The World Meteorological Organization (WMO) has published a recent report on 27th May. It predicts that a significant heat barrier is going to be broken by 2025. The report is produced by the Met Office of the United Kingdom. It states that at least once in the coming 5 years, there is a two-fifth chance of the global temperature being 1.5C higher than the era before industry (1850-1900).
This means that achieving the promise in the Paris Climate Agreement of 2015 to limit the global rise in temperature to 1.5C by the end of the century is much more difficult. The report by the WMO looks at 2021 and the range of years between 2021 and 2025. Furthermore, one of these years is going to be the hottest recorded years.
The Heat Barrier Is A Clock Ticking Away
Presently, the hottest year was 2016, with 2019 and 2020 both in second place. Moreover, the present global temperature average is already 1.2C higher than what it was before the 20th century. The recent report indicates that this average temperature will range from 0.9 to 1.8C higher than in the pre-20th century. A previous report had set the date of the heat barrier-breaking as 2027, but this WMO report indicates that it is happening faster.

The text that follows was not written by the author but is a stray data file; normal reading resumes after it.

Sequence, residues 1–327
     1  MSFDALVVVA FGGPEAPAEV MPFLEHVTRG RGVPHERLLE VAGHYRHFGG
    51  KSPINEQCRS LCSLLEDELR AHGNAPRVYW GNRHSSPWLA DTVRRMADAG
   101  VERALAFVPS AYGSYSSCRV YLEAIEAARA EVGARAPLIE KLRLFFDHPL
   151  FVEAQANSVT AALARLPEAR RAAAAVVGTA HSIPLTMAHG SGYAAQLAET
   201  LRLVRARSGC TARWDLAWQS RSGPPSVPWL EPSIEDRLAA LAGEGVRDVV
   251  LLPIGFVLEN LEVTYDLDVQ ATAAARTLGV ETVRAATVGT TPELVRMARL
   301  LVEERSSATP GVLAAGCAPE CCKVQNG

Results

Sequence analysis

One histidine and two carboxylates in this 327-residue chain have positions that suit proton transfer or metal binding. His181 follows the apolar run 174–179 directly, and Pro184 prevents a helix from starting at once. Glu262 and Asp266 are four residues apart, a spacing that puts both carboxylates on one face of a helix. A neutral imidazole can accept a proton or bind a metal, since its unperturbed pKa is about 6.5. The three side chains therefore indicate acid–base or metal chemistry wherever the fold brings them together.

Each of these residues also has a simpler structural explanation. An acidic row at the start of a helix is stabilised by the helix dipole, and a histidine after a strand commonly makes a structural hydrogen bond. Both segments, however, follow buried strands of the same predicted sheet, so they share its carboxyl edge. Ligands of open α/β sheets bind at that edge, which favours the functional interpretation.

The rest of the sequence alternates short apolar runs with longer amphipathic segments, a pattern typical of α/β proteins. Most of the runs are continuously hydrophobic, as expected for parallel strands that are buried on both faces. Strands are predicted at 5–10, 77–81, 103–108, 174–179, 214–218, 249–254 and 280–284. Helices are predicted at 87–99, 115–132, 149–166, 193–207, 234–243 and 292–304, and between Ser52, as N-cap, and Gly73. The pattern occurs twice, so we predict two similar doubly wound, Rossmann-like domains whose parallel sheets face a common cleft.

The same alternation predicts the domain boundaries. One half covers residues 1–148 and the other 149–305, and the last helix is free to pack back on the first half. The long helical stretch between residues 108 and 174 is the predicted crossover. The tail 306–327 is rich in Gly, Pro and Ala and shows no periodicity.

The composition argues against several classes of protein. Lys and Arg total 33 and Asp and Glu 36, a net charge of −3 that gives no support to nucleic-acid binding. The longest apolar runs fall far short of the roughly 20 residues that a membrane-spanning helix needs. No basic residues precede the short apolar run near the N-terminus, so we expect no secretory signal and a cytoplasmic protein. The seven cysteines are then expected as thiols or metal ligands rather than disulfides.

As such, this heat barrier being broken is both scary and important as we continue to battle climate change. In the past few years, greenhouse gas emissions have increased overall when they should have decreased. As a result, the previous 5 years were the hottest on record.
By November 2021, countries were going to set improved climate goals for the nations. However, the economic crash due to the pandemic has led most countries to use fossil fuels like never before. As such, a green recovery globally is in tatters.
The pandemic’s silver lining is the reduction of CO2 emissions globally. But it needs to be increased by at least ten times to prevent climate change. Furthermore, the world would need to have lockdowns per 2 years to meet the goals set in the Paris Agreement.
As such, the heat barrier record is only an indicator of how close we are to losing it all. The window of opportunity to tackle this is almost gone already.